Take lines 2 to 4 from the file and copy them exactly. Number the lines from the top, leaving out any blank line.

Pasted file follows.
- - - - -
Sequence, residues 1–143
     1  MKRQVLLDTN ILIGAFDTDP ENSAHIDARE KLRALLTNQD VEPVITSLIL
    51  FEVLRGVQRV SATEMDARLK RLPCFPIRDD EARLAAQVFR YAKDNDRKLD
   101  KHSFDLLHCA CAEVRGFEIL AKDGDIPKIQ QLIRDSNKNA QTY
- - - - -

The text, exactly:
     1  MKRQVLLDTN ILIGAFDTDP ENSAHIDARE KLRALLTNQD VEPVITSLIL
    51  FEVLRGVQRV SATEMDARLK RLPCFPIRDD EARLAAQVFR YAKDNDRKLD
   101  KHSFDLLHCA CAEVRGFEIL AKDGDIPKIQ QLIRDSNKNA QTY